Crack in the Ceiling

Written by: Iliena Bosu
Maximum number of words per chapter: 500
Minimum number of words per chapter: 450

Before I begin the story, there’re two things you should know about me. First, I’m an ardent tea drinker – without milk and unsweetened; second, I’m not the ‘heroine’ of ‘my story’; I never was. But, call it a coincidence if you must, I’m glad two things happened that day. First, I was craving a hot cup of coffee (as a change from tea) and second, a dear friend of mine forwarded this Eleanor Roosevelt quote to me:

“We gain strength, and courage, and confidence by each experience in which we really stop to look fear in the face... we must do that which we think we can’t.”

Usually, I don’t bother to read forwarded texts, especially if they’re preachy, out of context quotes by famous people. However, this time, I kept it. Was it a coincidence too or was I too unconcerned about it, I can’t put a finger on it.

It wasn’t going to be an ordinary day; I had an inkling that it was going to be the most memorable day of my life. I remember it was a Thursday morning, my favourite day of the week. In spite of the slight chilliness of November, it was a sunny day. The day couldn’t have been more perfect.

The night before, I couldn’t sleep properly. Anxiety and excitement kept me up; for some reason, I was feeling quite ill at ease, as if it was the last time I’d be sleeping on this bed. I listened to music for a while, engaged in a long pretend conversation between my fiancé and me, fantasising a life of marital bliss. I was still up at the break of dawn, still unable to sleep. Finally, I switched on the lights and sat reclined on my bed. I noticed the things in my room, which I had been consciously ignoring until now. The curved crack across the ceiling, for instance, had magically appeared one day and I couldn’t be less bothered. Though not a gaping one, the crack seemed to smile at me. Similarly, the iron mouldings on the windows, the dents on my steel almirah, the chairs, laden with unwashed laundry, pushed into a corner of my room, they all stared at me, awkwardly introducing themselves one by one. I couldn't help but think, what if this was going to be my last day in my room? What if I never came back to my cracked ceiling, my things or to my bed?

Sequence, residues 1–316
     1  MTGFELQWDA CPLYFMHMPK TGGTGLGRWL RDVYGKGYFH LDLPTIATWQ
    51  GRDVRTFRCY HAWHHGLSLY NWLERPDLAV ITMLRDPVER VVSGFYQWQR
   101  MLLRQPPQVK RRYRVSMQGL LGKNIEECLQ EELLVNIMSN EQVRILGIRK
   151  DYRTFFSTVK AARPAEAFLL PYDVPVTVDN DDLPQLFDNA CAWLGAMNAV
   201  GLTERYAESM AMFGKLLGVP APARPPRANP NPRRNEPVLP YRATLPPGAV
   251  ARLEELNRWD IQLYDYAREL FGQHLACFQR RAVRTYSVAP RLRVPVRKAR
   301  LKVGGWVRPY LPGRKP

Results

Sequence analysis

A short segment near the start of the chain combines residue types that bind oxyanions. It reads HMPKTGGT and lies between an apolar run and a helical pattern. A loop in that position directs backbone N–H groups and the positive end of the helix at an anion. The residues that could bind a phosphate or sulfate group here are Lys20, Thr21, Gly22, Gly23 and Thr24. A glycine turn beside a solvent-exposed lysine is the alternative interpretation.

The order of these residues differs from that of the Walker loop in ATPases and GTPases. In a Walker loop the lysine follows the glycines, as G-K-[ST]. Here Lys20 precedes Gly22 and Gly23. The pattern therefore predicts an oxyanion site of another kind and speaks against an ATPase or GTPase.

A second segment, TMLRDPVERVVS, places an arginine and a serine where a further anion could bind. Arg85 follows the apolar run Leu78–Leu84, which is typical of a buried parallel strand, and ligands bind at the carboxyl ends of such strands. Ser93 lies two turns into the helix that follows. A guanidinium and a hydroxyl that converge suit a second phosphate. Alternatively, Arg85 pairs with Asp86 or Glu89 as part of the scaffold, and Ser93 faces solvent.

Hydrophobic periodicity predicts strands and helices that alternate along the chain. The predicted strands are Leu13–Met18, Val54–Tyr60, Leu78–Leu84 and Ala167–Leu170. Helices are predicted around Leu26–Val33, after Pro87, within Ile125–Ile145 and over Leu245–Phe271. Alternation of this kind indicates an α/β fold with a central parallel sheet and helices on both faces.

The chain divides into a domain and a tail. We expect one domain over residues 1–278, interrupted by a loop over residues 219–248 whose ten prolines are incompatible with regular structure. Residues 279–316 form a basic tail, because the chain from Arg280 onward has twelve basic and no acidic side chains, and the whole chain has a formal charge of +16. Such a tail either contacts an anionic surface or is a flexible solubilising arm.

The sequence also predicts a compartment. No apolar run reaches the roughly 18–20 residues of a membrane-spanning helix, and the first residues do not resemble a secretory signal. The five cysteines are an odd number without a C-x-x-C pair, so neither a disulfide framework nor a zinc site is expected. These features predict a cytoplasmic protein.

I’m a habitual late riser. But, if it was going to be my last day here, I might as well start my day early. Being unfamiliar with the early hour, I was not sure how I wanted to spend the extra time I had with me. Everything was silhouetted against the navy-blue sky. Venus shone bright and prominent as the birds went about their daily business. As the sky gradually changed colour, I saw my milk man Shiva cycling down to my house with his milk crate tied to the carrier behind him.

I agree to the terms and conditions of this website.

Terms and Conditions

Publication schedule and notes

Please note

All existing content in this chapter will be deleted and that chapter will be made available for other users to book

You have to be have a "Writer account" (paid subscription) to continue. Please login or follow this link to register for the site as a writer.


I absolutely love the Eleanor Roosevelt quote. Fear can sometimes have a terrifying demeanor but when we face it down it really is a terrible coward. What an interesting starter. She says she's not the heroine of her story but she really is. Just by the way she describes the start of her day she has inserted herself into the story. It is a neat and clever starter, like smoking mirrors.
Thank you Ms. Dewing. :)